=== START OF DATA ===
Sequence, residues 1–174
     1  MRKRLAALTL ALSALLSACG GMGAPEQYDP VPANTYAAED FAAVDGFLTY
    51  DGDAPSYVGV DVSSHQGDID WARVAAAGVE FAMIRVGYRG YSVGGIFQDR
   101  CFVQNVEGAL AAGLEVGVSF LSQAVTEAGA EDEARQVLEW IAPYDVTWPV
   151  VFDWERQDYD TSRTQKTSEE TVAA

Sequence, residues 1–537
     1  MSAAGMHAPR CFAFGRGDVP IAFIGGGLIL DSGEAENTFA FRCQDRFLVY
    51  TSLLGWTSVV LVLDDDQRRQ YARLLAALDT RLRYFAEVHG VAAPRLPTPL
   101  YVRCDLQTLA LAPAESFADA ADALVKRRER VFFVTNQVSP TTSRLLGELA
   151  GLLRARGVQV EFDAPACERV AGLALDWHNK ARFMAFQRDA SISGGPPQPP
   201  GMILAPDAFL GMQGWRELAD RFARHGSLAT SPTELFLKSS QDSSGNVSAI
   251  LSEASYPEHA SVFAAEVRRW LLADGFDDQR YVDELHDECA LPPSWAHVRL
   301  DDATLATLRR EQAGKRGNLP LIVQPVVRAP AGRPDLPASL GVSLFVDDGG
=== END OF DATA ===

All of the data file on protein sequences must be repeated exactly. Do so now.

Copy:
Sequence, residues 1–174
     1  MRKRLAALTL ALSALLSACG GMGAPEQYDP VPANTYAAED FAAVDGFLTY
    51  DGDAPSYVGV DVSSHQGDID WARVAAAGVE FAMIRVGYRG YSVGGIFQDR
   101  CFVQNVEGAL AAGLEVGVSF LSQAVTEAGA EDEARQVLEW IAPYDVTWPV
   151  VFDWERQDYD TSRTQKTSEE TVAA

Sequence, residues 1–537
     1  MSAAGMHAPR CFAFGRGDVP IAFIGGGLIL DSGEAENTFA FRCQDRFLVY
    51  TSLLGWTSVV LVLDDDQRRQ YARLLAALDT RLRYFAEVHG VAAPRLPTPL
   101  YVRCDLQTLA LAPAESFADA ADALVKRRER VFFVTNQVSP TTSRLLGELA
   151  GLLRARGVQV EFDAPACERV AGLALDWHNK ARFMAFQRDA SISGGPPQPP
   201  GMILAPDAFL GMQGWRELAD RFARHGSLAT SPTELFLKSS QDSSGNVSAI
   251  LSEASYPEHA SVFAAEVRRW LLADGFDDQR YVDELHDECA LPPSWAHVRL
   301  DDATLATLRR EQAGKRGNLP LIVQPVVRAP AGRPDLPASL GVSLFVDDGG